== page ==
A quick Google search seems to reveal if you manage People, Process, and Technology you’ve got everything covered. That’s simply not the case. Data is separate and distinct from the things it describes — namely people, processes, and technologies — and organizations must separately and intentionally manage it.
The data management message seems a tough one to deliver effectively. Data management interest groups have hammered at it for years, but a sometimes preachy and jargon laden approach relying on data quality train wreck stories hasn’t generally loosened corporate purse strings. Yes, financial companies’ data-first successes in the 1990s paved the way for the ’00s dot com juggernauts, whose market capitalization stems largely from innovative data management. Yet, we still have huge personal data breaches at some of our most trusted companies, and data scientists spend the bulk of their valuable time acquiring, cleaning, and integrating poorly organized data.
The first steps are often the hardest, so here’s a short, no jargon, big picture guide to getting started with effective data management in three steps:
Step 1: What data do you need?
Every organization needs information. The first step in managing data is to understand what information you need about the things you manage as a business and how they relate to each other.
Let’s use as an example a specialty garment manufacturer. Some of the things it manages include garments (its product) of different garment types, which I’ll call garment items, customers, orders, suppliers, workshops, and so on. Relationships among those things might include: customers order garment items, a workshop produces a garment item, a customer orders garment items, and many more.
This kind of thinking is fairly simple once you get the hang of it. Steve Hoberman’s excellent book Data Modeling for the Business explains this perspective and provides a complete step by step process. Remember that this is about the business, not technology: as you think through what information your business needs resist the temptation to catalog the data in your current systems.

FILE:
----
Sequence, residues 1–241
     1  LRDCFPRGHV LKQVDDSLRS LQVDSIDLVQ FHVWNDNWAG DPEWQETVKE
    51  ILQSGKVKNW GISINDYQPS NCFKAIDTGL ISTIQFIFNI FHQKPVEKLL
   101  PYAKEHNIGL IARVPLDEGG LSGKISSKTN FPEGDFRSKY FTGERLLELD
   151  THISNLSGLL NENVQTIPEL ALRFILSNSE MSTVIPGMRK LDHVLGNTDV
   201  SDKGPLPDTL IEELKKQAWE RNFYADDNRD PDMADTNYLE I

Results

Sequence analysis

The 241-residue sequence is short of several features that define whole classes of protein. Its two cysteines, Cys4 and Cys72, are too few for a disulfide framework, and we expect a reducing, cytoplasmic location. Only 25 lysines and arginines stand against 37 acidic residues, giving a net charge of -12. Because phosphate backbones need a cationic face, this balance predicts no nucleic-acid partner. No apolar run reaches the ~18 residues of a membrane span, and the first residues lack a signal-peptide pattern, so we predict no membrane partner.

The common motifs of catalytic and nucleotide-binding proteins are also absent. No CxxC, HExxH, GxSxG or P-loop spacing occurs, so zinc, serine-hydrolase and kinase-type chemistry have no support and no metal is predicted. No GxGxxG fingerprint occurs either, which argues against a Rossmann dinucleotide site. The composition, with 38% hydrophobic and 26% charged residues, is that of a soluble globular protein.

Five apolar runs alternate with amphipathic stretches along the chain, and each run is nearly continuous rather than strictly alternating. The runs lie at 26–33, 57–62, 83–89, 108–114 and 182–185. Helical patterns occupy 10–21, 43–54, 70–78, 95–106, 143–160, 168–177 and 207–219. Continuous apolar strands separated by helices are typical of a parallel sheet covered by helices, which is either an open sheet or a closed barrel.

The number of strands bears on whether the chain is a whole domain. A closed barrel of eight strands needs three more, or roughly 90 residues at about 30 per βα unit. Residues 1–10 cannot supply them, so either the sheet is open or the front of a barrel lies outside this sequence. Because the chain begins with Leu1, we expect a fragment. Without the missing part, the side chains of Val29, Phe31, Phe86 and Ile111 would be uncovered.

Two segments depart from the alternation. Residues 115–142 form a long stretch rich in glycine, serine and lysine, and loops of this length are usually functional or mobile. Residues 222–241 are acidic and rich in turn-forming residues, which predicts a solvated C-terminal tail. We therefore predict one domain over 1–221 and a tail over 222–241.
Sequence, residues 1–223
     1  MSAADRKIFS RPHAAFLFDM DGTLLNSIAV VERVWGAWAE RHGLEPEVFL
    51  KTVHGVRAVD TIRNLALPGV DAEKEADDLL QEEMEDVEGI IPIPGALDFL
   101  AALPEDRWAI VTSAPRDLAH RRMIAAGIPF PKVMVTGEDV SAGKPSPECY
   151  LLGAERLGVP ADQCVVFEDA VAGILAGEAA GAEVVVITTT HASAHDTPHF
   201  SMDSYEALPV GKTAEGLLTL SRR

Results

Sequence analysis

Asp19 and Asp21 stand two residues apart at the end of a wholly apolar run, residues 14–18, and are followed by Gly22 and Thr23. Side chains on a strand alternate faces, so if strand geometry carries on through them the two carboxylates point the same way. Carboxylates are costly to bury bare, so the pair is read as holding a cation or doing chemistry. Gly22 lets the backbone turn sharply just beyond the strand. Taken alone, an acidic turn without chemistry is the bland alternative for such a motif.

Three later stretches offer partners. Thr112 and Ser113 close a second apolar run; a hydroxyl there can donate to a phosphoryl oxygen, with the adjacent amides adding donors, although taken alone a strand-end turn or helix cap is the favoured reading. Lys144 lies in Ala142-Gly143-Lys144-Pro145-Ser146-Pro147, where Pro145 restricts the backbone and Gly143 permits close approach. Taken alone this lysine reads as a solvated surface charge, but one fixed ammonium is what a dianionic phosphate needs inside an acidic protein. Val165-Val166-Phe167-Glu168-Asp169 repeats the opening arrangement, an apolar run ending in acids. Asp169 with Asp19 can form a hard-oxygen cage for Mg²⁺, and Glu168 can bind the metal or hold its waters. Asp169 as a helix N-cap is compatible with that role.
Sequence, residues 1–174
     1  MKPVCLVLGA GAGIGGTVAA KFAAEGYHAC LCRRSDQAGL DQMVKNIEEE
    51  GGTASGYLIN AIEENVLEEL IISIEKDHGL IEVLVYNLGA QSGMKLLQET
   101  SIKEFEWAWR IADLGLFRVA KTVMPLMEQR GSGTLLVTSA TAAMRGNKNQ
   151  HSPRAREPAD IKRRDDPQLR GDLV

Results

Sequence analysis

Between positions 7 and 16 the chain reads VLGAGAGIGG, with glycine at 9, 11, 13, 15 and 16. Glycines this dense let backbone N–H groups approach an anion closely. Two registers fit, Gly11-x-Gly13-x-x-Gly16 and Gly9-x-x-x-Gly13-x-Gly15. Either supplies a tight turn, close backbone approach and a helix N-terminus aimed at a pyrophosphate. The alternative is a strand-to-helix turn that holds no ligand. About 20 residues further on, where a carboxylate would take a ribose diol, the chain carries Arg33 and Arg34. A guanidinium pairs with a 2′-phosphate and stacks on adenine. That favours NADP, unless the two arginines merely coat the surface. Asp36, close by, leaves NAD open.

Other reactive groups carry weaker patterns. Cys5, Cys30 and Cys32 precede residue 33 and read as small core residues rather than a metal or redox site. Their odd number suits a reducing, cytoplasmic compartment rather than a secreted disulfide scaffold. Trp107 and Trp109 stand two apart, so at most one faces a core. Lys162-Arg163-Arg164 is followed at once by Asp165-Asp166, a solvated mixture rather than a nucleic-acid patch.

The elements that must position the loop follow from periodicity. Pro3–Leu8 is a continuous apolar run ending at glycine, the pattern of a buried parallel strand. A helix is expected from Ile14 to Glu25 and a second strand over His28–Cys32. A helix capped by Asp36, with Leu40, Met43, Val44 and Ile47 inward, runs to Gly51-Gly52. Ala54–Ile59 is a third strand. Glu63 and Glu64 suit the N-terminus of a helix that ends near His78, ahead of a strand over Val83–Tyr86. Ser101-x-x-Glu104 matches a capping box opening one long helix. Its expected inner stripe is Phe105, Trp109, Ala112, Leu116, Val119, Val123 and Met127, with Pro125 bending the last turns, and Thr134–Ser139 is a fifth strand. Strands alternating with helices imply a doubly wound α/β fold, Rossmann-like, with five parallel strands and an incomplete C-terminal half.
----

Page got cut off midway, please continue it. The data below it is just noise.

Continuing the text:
Step 2: What data do you have and where is it?
Now you can look at your current systems and take inventory based on the list of data that you need to run your business. Which system houses data about customers, orders, items, etc? Are there cases where more than one system stores data about the same things? Are there missing links, where needed information is simply missing?
Step 3: How secure is your data?
Knowing what data you need and where it lives, now stop to review how safe your data is. For each of the key concepts resulting from step one, describe its security requirements. Should it be accessible to the general public, like the street address of your offices? Only your employees, like your garment inventory? Only specific employees and system admins, like customer names and addresses?
In this step it is important to understand laws and regulations affecting your business. For example, I know of one business that wasn’t aware one of its services was subject to HIPAA regulations, under which mishandling of customer data can result in jail time for individuals involved.
After understanding the security requirements of your key data groups, review how each of your systems secures the data and who has access.
This process provides a broad, high-level, sketch of current data management. While it won’t be detailed and may not be very thorough, it will reveal overall patterns and will likely point out high priority problems and opportunities. It will also provide a framework for more detailed planning and goal setting, and provide experience that makes more detailed data management less foreign and more accessible — the jargon will start to make sense.
How long should the broad-brush study take? The point is breadth rather than depth, so I recommend time-boxing. A good way to estimate is to count the number of interviews the small team will need to conduct, and time it that way. An organization with, say, five or so key leaders and 10 major systems to review would require about 20 interviews or group discussion sessions. I would expect a team of three to be able to work through interviews, research, and write-ups in 6 or 8 weeks.
With an understanding of what data you need, what you have, and how secure your data is, you’ll have a basis for setting business priorities for data management, and starting to manage data along with your people, processes, and technologies.